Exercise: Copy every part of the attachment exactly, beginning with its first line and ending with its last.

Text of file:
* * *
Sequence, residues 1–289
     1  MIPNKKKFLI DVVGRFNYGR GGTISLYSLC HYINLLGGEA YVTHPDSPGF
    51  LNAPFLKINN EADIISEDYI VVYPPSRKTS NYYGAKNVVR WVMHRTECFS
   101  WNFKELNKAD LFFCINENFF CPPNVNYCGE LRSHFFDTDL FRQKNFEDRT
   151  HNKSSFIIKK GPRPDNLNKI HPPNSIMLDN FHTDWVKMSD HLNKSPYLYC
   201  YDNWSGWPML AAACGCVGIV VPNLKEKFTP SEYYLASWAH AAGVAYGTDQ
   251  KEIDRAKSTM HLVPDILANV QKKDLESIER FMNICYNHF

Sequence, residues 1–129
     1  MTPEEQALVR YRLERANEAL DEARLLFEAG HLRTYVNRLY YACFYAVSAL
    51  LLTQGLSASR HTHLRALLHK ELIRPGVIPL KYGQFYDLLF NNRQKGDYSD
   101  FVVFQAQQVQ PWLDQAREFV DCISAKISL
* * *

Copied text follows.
Sequence, residues 1–289
     1  MIPNKKKFLI DVVGRFNYGR GGTISLYSLC HYINLLGGEA YVTHPDSPGF
    51  LNAPFLKINN EADIISEDYI VVYPPSRKTS NYYGAKNVVR WVMHRTECFS
   101  WNFKELNKAD LFFCINENFF CPPNVNYCGE LRSHFFDTDL FRQKNFEDRT
   151  HNKSSFIIKK GPRPDNLNKI HPPNSIMLDN FHTDWVKMSD HLNKSPYLYC
   201  YDNWSGWPML AAACGCVGIV VPNLKEKFTP SEYYLASWAH AAGVAYGTDQ
   251  KEIDRAKSTM HLVPDILANV QKKDLESIER FMNICYNHF

Sequence, residues 1–129
     1  MTPEEQALVR YRLERANEAL DEARLLFEAG HLRTYVNRLY YACFYAVSAL
    51  LLTQGLSASR HTHLRALLHK ELIRPGVIPL KYGQFYDLLF NNRQKGDYSD
   101  FVVFQAQQVQ PWLDQAREFV DCISAKISL